Install Anchore Enterprise on Amazon EKS with Helm

Deploying Anchore Enterprise 2.4 on AWS Elastic Kubernetes Services (EKS) with Helm

[Updated post as of October 1, 2020]

In this post, I will walk through the steps for deploying Anchore Enterprise v2.4 on Amazon EKS with Helm. Anchore currently maintains a Helm Chart which we will use to install the necessary Anchore services.


  • A running Amazon EKS cluster with worker nodes launched. See EKS Documentation for more information.
  • Helm (v3) client installed and configured.

Before we proceed, let’s confirm our cluster is up and running and we can access the kube-api server of our cluster:

Note: Since we will be deploying all services including the database as pods in the cluster, I have deployed a three-node cluster with (2) m5.xlarge and (1) t3.large instances for a basic deployment. I’ve also given the root volume of each node 65GB (195GB total) since we will be using the cluster for persistent storage of the database service.

$ kubectl get nodes NAME                                    

 STATUS ROLES AGE VERSION  Ready <none> 1d  v1.16.12-eks  Ready <none> 1d  v1.16.12-eks Ready <none> 1d  v1.16.12-eks

Configuring the Ingress Controller

The ALB Ingress Controller triggers the creation of an Application Load Balancer (ALB) and the necessary supporting AWS resources whenever an Ingress resource is created on the cluster with the alb annotation.

To support external access to the Enterprise UI and Anchore API, we will need the cluster to create an ALB for our deployment.

To enable the ALB Ingress Controller pod to create the load balancer and required resources, we need to update the IAM role of the worker nodes and tag the cluster subnets the ingress controller should associate the load balancer with.

  • Download the sample IAM Policy from AWS and attach it to your worker node role either via console or aws-cli.
  • Add the following tags to your cluster’s public subnets:
Key Value<<cluster-name>> shared
Key Value 1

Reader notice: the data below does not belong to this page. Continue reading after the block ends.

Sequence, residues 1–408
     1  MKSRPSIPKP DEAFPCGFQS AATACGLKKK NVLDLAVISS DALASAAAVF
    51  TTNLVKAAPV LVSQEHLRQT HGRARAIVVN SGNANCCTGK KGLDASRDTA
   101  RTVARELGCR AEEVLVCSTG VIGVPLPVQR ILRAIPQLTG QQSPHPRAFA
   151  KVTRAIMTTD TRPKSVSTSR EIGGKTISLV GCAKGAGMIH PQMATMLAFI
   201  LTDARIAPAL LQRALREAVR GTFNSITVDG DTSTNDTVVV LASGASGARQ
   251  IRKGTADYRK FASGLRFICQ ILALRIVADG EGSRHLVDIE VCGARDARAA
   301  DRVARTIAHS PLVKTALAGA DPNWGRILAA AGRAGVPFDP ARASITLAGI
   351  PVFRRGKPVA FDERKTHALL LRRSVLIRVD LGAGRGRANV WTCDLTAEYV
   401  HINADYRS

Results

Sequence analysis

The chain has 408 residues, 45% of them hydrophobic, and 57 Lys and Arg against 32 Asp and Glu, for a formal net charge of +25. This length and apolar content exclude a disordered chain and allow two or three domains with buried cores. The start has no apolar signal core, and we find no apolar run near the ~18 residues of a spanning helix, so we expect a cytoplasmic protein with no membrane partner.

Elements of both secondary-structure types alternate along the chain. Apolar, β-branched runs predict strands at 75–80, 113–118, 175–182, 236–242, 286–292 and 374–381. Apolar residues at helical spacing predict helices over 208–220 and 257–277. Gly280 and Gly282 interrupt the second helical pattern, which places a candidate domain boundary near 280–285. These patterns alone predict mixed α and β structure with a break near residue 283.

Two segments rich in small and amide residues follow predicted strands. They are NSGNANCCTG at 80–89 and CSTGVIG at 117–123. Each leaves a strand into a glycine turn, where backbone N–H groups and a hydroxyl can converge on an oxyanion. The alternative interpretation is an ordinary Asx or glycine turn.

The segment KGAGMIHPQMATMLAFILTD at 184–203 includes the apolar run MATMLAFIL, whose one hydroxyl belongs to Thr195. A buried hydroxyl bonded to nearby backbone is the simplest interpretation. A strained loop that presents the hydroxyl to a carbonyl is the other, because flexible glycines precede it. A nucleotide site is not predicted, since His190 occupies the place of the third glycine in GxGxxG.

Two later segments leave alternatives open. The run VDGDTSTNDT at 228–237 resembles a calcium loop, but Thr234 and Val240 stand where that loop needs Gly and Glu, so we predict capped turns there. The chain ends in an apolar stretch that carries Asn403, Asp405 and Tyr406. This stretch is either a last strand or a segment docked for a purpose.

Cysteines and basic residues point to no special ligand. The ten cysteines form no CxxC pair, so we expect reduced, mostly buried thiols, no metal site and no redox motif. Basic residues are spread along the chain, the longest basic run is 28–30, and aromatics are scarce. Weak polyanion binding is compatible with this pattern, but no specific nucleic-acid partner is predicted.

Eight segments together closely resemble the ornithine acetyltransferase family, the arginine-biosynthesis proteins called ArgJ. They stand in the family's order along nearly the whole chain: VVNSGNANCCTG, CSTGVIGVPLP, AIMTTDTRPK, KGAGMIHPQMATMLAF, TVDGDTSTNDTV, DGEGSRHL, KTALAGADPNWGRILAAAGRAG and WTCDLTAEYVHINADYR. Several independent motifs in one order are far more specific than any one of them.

Next, we need to create a Kubernetes service account in the kube-system namespace, a cluster role, and a cluster role binding for the ALB Ingress Controller to use:

$ kubectl apply -f

With the service account and cluster role resources deployed, download the AWS ALB Ingress Controller deployment manifest to your working directory:

$ wget

Under the container specifications of the manifest, uncomment  --cluster-name=  and enter the name of your cluster:

 # Name of your cluster. Used when naming resources created
 # by the ALB Ingress Controller, providing distinction between
 # clusters.
 - --cluster-name=<eks_cluster_name>

Save and close the deployment manifest, then deploy it to the cluster:

$ kubectl apply -f alb-ingress-controller.yaml

Installing the Anchore Engine Helm Chart

To install the chart repository, run the following command:

$ helm repo add anchore

"anchore" has been added to your repositories

Confirm the chart was installed successfully:

$ helm repo list

Deploying Anchore Enterprise

For the purposes of this post, we will focus on getting a basic deployment of Anchore Enterprise running. For a complete set of configuration options you may include in your installation, refer to the values.yaml file in our charts repository.

Note: Refer to our blog post Configuring Anchore Enterprise on EKS for a walkthrough of common production configuration options including securing the Application Load Balancer/Ingress Controller deployment, using S3 archival and configuring a hosted database service such as Amazon RDS.

Configure Namespace and Credentials

First, let’s create a new namespace for the deployment:

$ kubectl create namespace anchore

namespace/anchore created